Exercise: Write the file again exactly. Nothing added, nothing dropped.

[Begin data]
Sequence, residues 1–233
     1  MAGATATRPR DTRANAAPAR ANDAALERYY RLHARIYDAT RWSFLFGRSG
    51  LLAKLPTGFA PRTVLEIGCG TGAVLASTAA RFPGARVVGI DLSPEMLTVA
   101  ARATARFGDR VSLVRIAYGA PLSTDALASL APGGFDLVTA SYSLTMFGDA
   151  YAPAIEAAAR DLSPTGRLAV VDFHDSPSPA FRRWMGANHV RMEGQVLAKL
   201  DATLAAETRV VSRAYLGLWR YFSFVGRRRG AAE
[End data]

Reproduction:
Sequence, residues 1–233
     1  MAGATATRPR DTRANAAPAR ANDAALERYY RLHARIYDAT RWSFLFGRSG
    51  LLAKLPTGFA PRTVLEIGCG TGAVLASTAA RFPGARVVGI DLSPEMLTVA
   101  ARATARFGDR VSLVRIAYGA PLSTDALASL APGGFDLVTA SYSLTMFGDA
   151  YAPAIEAAAR DLSPTGRLAV VDFHDSPSPA FRRWMGANHV RMEGQVLAKL
   201  DATLAAETRV VSRAYLGLWR YFSFVGRRRG AAE